A Theory On Relatingativity

Now, admittedly, I tend to be very analytical and introspective, but I have also been clinically determined to be quite objective as well, so, I proceed. I think just about everybody feels, to some degree or another and at some points in their life, like they don't quite 'fit in', like others just don't 'get' them and like they don't really 'get' others, like they're not part of the group everyone else seems to be a part of. I say 'most people' and 'to some degree' - but for some people, that feeling of detachment can be an ongoing, defining, feature of their self-awareness, and so, an ongoing and defining factor of their life.


A countless number of things join and colloid, promote and hinder the development of who we come to be. We each have an inherited genetic predisposition, a manner in which we're inclined to behave and conduct ourselves, we each have tutors who encourage and discourage those inclinations and so our behavior as we grow, and we each have ongoing experiences that call upon and don't call upon 'this' or 'that' aspect of our human nature. So, someone might be born with a disposition inclined toward a spontaneous, intuitive approach to life, his teachers (parents, etc) might promote or prohibit that inclination, and his life experiences might nurture or stifle his natural tenancies. While another might be naturally inclined toward a more logical, well deliberated course whose parents either encourage or discourage his tendency and whose life experiences either advance or lessen his development in this regard.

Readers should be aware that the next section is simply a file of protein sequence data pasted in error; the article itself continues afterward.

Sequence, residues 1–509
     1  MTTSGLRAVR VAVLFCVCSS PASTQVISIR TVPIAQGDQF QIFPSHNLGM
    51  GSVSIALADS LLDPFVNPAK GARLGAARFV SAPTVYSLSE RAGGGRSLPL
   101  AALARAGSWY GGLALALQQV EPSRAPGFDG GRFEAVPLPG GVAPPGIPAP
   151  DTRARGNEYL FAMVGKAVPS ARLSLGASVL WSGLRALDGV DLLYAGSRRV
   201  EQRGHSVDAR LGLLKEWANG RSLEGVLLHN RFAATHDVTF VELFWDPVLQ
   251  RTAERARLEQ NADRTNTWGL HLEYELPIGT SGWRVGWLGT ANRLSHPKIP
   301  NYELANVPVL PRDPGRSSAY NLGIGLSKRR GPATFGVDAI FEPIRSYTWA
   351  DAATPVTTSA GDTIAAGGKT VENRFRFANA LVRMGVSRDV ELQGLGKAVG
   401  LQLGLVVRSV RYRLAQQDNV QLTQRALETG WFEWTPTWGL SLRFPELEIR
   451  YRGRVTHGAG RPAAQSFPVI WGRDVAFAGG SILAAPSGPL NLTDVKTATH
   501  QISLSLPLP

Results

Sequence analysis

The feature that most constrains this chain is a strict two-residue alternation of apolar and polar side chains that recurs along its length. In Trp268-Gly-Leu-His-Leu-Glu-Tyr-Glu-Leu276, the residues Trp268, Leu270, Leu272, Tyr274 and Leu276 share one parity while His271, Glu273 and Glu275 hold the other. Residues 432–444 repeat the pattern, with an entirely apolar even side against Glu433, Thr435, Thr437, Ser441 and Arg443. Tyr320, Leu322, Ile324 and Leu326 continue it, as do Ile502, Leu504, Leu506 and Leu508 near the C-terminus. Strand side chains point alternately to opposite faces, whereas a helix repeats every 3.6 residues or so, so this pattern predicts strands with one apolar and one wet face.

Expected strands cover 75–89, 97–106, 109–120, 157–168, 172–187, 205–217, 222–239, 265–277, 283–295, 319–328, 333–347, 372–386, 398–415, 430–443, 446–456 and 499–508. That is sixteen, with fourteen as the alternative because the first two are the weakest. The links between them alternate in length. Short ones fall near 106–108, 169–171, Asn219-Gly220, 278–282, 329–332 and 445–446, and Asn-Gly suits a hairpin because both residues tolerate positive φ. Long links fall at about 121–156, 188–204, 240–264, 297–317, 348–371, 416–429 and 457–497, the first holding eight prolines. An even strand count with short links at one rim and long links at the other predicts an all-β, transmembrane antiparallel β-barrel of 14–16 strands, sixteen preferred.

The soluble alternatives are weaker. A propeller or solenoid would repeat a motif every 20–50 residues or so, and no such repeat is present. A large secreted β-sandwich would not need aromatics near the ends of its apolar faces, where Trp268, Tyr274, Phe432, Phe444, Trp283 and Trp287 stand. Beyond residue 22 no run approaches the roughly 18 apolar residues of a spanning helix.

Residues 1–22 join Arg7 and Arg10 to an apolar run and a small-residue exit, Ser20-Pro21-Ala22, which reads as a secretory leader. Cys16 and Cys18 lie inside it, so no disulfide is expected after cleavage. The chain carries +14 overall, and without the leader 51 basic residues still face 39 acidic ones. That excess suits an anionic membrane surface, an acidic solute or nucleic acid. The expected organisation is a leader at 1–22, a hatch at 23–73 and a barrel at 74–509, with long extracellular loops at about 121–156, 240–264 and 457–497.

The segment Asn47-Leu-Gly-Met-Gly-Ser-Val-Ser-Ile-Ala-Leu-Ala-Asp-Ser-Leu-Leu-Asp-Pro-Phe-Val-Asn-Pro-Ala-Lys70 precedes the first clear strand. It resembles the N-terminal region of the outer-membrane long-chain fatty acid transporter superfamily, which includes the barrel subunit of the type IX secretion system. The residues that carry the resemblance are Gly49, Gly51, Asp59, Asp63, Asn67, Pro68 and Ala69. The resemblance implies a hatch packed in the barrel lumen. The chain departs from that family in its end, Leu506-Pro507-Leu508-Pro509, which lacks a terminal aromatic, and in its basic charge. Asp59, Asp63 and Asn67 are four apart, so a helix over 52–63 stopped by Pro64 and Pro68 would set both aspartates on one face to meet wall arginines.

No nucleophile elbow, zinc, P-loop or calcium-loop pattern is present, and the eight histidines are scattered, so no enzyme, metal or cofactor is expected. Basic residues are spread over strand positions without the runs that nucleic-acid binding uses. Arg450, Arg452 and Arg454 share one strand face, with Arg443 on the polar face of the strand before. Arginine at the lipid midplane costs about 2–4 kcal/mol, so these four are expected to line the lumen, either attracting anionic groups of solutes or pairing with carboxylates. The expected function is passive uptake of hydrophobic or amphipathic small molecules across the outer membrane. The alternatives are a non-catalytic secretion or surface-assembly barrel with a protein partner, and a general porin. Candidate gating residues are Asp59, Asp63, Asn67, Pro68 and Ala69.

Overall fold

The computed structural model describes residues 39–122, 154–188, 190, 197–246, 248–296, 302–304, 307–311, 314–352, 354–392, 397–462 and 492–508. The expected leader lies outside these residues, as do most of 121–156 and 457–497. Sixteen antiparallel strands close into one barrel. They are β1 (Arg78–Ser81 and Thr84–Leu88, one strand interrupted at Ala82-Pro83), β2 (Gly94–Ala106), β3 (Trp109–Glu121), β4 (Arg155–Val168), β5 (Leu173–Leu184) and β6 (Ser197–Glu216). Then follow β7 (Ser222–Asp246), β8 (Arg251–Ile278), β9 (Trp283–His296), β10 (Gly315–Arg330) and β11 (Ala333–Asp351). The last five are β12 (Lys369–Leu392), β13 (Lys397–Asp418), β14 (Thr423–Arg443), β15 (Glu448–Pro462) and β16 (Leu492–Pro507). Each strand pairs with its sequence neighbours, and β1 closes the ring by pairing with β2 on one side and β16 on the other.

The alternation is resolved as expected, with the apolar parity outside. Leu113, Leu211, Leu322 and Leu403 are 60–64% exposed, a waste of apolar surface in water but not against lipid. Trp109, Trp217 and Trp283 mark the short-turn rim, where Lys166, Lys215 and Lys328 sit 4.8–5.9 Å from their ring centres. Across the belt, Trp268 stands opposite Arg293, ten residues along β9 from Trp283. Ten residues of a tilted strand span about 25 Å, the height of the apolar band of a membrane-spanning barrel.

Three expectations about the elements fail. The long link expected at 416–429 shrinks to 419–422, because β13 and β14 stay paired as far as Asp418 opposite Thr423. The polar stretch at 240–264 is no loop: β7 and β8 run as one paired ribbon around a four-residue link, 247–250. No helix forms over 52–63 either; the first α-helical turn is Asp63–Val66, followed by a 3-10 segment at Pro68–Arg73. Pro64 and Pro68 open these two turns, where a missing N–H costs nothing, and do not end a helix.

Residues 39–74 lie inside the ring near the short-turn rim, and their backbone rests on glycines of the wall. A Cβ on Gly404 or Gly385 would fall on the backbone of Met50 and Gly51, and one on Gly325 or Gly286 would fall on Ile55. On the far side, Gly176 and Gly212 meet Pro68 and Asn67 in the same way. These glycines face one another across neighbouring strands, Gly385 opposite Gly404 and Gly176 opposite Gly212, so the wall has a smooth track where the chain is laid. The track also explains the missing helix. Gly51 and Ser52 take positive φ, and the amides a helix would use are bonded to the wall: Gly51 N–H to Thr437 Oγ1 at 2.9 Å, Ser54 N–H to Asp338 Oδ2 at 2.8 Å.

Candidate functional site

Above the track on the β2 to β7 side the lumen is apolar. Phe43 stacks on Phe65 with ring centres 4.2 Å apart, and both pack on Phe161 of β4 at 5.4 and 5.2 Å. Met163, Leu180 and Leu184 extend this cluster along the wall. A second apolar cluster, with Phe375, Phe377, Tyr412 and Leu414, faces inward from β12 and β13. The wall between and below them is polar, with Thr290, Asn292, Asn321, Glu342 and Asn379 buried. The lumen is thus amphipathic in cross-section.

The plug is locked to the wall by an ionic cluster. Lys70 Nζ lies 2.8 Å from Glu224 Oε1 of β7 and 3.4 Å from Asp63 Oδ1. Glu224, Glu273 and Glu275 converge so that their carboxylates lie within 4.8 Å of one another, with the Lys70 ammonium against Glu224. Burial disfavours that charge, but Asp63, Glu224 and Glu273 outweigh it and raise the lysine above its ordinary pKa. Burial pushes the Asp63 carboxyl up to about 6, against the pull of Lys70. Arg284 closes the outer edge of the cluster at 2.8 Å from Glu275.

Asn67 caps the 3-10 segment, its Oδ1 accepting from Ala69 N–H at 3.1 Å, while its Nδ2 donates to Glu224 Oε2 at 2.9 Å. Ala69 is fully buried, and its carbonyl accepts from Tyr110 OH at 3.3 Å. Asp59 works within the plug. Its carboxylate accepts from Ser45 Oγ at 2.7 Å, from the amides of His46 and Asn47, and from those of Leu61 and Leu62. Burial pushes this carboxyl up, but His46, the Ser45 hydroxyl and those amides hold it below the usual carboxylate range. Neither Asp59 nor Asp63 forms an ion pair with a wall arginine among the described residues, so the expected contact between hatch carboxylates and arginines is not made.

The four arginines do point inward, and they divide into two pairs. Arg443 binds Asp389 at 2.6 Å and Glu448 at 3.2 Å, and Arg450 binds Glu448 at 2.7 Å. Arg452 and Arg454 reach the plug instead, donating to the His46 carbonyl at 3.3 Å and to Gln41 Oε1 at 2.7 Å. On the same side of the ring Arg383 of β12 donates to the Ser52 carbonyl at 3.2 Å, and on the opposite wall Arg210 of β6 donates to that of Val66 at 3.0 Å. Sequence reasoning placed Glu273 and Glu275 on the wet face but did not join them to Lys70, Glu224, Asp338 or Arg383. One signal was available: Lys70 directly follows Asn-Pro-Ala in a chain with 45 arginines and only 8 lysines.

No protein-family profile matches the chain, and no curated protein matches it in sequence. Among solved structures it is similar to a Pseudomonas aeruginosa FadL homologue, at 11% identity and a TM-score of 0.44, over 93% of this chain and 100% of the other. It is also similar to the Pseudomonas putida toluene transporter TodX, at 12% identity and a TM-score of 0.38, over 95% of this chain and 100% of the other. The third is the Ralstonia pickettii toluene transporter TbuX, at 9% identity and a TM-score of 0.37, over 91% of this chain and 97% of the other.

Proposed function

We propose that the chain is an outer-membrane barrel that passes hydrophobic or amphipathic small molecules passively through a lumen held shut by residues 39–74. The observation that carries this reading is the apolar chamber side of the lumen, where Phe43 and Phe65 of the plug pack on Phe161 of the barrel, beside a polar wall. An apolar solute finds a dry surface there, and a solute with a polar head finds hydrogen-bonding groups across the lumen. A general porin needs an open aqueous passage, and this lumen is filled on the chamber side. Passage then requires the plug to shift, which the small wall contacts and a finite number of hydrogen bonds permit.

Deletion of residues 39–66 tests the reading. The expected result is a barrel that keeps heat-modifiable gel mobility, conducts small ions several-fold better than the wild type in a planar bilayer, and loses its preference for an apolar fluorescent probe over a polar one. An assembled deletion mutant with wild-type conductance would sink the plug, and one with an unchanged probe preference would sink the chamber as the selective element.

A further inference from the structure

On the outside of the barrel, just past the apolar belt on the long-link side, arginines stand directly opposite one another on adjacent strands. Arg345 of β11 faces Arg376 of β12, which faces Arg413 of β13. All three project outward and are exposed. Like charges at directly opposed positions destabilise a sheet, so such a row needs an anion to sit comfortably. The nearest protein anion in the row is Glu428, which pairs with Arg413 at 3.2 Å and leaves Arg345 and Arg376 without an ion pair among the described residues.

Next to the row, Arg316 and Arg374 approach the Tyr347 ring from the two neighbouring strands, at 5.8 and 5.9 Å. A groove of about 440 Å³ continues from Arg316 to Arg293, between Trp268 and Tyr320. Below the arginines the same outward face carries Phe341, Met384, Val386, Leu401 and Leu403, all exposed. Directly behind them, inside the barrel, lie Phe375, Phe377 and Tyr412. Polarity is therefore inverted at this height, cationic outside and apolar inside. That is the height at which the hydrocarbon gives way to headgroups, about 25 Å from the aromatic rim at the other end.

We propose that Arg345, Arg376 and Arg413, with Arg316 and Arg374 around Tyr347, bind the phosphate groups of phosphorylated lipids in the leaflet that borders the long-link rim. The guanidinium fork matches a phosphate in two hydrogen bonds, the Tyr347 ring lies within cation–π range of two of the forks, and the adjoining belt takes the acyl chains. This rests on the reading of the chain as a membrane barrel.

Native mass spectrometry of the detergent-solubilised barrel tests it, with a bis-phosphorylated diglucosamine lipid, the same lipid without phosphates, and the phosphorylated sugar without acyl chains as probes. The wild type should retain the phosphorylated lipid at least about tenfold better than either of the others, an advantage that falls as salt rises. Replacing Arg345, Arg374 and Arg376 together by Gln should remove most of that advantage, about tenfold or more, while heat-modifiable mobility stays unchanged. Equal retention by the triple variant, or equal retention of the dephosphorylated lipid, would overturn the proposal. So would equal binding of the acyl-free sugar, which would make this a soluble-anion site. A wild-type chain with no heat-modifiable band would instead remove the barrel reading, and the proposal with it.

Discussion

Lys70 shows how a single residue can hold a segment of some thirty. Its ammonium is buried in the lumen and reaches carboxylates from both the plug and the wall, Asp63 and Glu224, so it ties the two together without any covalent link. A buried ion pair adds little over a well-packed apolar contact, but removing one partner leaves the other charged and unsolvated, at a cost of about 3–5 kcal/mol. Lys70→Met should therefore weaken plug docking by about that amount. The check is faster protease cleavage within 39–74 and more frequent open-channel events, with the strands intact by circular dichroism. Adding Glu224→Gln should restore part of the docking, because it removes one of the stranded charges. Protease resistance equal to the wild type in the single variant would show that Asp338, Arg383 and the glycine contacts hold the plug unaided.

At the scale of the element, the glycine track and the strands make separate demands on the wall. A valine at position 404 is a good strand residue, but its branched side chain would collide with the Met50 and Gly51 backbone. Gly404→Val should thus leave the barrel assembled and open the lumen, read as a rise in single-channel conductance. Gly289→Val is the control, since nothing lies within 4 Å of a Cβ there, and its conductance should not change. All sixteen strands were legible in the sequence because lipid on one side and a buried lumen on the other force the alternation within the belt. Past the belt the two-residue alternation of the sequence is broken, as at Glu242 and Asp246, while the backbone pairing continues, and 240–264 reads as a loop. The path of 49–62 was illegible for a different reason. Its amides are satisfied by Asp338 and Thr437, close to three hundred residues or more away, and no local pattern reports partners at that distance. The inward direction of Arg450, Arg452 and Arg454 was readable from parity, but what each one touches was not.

The consequence of this circumstance is that everyone is uniquely different, no one has all things come together in them in just the same way as anyone else - and yet, our personalities, our disposition, the way we are, is our own particular collection and blend of just the same things as everyone else . . . so that, you find many who in childhood were afraid of the dark (not just you), many whose fear was responded to in a similar way (not just you), many who recall some particular incident of a scare in the dark (not just you), and many who yet carry within them some residue of that childhood fear and how it was dealt with, etc (not just you). But there are also some who never had a fear of the dark, or whose parents reacted very differently than most, who never had any particular incident in the dark, and who carry no residue of any such thing as a fear of the dark . . . yet they may, like you, love the color yellow or like the smell of gasoline, etc.


The point being, we are all very different yet very much alike; some are afraid of the dark, some are not but they know others who are and they have fears of other things, etc, so they know the experience of being in the dark and they know fear - they just don't exactly 'get' being afraid specifically of the dark . . . we are all very different yet very much alike. Now, there are many things we could, and should, learn and understand from this truth. We should learn and understand that just because we might not like someone doesn't at all mean that they are worthy of our dislike. When you consider all the great multitude of things that either came together or were absent from you and your upbringing and life experiences and all the great multitude of things that came together or were absent from others and other's upbringing and life experiences, it's astounding that any of us can ever find anyone else we can get along with. When we come upon those people we don't care to be around, people who just 'rub us the wrong way', we don't have to actively dislike them, we don't have to count them people less than us or worthy to be disliked, we ought simply to recognize that all the things that brought you to be the 'you' that you are and all the things that brought that other fellow to be the 'him' that he is just happened to come together in a manner that makes you not 'fit' as companions - you don't have to dislike him or even think poorly of him, simply move on.